The Importance of IDEA in Planetary Science

IDEA In ActionAs you read this, think about who is in your organization, your department, and those who you closely collaborate with. Then ask yourself who is missing from the conversation and who are you listening to? Are you thinking about and acknowledging the hardships faced by different people in your group, and are you working with them to include them in your work?

For decades, sociologists have advised businesses that diverse and inclusive teams lead to innovative work and increased creativity. Studies have shown that a randomly selected group of problem-solvers often outperforms groups only composed of those identified as the “best” in the field. For these reasons, to advance planetary science and astrobiology, the community should embrace the principles of inclusion, diversity, equity, and accessibility (IDEA). But more importantly, beyond wanting to drive scientific progress, IDEA principles are a social imperative. The fair, just, and impartial treatment of all people is a hallmark of an ethical community.

Over the past few years, several resources have been made available that we can leverage to make progress towards a more inclusive, diverse, equitable, and accessible community. For the first time, the Planetary Science and Astrobiology Decadal Survey requested white papers on the state of the profession from the community and included those findings and recommendations in the survey report. Beyond the decadal survey, the National Academies of Sciences, Engineering, and Medicine released a report providing guidance on “Advancing Diversity, Equity, Inclusion, and Accessibility in the Leadership of Competed Space Missions.” Recently, the LPI hosted the Advancing IDEA in Planetary Science conference, which facilitated discussions on ongoing and needed initiatives in the community and provided tangible recommendations in the conference Consensus Report. NASA has also released an Equity Action Plan and a policy statement on Diversity, Equity, Inclusion, and Accessibility. Acknowledging the severe underrepresentation of Black and Latinx researchers in planetary science, the LPI’s Planetary ReaCH program, funded by the NASA Science Activation Program, is hosting workshops on Culturally Inclusive Planetary Engagement to provide actionable strategies so that scientists can build authentic partnerships with Black and Latinx audiences.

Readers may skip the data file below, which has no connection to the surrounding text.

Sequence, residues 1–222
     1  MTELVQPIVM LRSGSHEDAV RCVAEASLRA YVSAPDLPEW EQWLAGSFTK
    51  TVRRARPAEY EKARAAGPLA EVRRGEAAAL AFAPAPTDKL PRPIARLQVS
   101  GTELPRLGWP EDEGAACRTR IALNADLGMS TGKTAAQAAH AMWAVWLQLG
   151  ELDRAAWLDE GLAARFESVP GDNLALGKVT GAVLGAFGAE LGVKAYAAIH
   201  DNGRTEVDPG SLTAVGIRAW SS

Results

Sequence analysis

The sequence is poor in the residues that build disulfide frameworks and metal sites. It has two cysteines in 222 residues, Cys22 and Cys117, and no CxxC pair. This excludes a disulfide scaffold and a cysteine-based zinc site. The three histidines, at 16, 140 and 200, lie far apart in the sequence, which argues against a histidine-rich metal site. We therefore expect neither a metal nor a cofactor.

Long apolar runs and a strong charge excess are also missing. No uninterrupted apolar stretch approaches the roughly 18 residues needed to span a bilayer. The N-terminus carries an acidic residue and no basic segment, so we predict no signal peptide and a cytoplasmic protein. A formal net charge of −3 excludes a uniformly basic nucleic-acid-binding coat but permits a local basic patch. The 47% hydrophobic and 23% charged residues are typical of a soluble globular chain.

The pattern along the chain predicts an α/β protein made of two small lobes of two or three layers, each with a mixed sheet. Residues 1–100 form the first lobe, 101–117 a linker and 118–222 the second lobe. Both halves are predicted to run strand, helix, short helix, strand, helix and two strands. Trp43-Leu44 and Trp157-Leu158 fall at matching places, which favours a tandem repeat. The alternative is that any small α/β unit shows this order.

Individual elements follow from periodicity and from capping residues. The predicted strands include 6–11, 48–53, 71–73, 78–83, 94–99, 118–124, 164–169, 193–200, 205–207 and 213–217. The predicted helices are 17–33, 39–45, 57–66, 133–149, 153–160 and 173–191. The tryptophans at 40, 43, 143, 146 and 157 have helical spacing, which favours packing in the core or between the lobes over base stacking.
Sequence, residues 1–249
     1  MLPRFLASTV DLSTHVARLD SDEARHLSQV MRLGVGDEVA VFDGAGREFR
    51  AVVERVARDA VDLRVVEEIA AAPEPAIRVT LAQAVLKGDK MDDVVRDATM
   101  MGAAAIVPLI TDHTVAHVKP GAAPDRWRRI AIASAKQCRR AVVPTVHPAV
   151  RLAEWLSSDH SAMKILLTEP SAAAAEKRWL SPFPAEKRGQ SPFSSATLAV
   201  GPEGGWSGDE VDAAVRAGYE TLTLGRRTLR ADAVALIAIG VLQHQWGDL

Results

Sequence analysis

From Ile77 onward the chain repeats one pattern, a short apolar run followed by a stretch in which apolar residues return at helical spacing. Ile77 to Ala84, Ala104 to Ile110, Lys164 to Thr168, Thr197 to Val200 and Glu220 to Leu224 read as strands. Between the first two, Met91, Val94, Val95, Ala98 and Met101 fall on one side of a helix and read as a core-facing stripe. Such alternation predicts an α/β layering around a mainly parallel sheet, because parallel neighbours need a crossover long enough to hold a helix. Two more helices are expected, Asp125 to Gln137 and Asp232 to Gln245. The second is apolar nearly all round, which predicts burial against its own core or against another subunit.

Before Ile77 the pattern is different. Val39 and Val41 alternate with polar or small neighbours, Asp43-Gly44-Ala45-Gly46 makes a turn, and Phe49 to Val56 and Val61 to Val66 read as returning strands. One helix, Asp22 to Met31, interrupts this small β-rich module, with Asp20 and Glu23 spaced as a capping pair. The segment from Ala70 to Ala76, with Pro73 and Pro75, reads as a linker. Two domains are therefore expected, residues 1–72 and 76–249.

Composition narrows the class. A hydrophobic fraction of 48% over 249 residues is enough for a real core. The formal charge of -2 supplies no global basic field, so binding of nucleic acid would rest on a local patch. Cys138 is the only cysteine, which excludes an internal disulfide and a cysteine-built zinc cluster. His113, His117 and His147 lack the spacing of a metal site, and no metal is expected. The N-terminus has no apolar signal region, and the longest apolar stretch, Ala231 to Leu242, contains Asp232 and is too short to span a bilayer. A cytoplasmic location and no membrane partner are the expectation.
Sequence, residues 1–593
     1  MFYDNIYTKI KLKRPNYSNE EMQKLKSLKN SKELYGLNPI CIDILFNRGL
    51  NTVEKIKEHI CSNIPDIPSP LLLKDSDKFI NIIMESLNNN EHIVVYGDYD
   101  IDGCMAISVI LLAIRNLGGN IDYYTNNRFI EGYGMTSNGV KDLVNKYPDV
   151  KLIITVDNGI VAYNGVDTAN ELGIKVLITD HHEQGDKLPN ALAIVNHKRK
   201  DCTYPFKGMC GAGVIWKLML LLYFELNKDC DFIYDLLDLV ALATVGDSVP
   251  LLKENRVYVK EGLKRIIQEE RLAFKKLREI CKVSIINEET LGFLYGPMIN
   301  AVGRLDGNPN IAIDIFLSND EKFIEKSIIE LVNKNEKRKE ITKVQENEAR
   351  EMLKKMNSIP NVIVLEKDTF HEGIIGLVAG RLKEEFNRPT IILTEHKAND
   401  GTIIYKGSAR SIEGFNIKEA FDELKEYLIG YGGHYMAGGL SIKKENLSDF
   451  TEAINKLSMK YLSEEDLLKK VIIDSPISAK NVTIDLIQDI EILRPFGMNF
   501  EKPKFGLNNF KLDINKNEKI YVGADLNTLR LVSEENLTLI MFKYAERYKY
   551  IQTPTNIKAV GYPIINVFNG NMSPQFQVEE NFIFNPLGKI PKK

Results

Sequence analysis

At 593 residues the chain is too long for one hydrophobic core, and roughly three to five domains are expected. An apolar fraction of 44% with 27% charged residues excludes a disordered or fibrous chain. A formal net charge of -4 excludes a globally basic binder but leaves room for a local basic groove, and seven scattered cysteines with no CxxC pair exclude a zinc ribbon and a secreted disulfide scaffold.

Learning from these resources can help us all be better allies. We can also take another step by advocating for the recommendations in some of these reports and supporting, participating, and learning from IDEA groups. For example, the Cross-AG IDEA Working Group develops and disseminates resources, findings, and other recommendations associated with IDEA matters for the NASA Assessment/Analysis Groups (AGs). There are also several advocacy groups centering on historically excluded people, such as the Planetary Scientists of Color (PSoC), Women in Planetary Science (WiPS), Queers in Planetary Science (QuiPS), and Disabled for Accessibility in Space (DAIS). A simple, daily task we can all do is to ask ourselves questions, such as those posed at the beginning of this article, to reflect on our actions and improve how we interact with others.

Planetary science and astrobiology are inspirational endeavors that bring awe and wonder to many. As the people leading the discoveries in the field, we are its representatives, which carries with it a responsibility to demonstrate principled work. To quote directly from the Planetary Science and Astrobiology Decadal Survey, “NASA’s aspirational nature, built on the idea of limitless exploration, provides a fitting backdrop to develop initiatives that will seek solutions to the issues that concern the state of the profession.” Advancing an entire field can seem daunting, but we are the community that launched missions to explore the outermost edges of the solar system and learned to overcome extreme environments just for a glimpse of what lies beyond Earth. If each of us takes a step forward, we can take giant leaps together!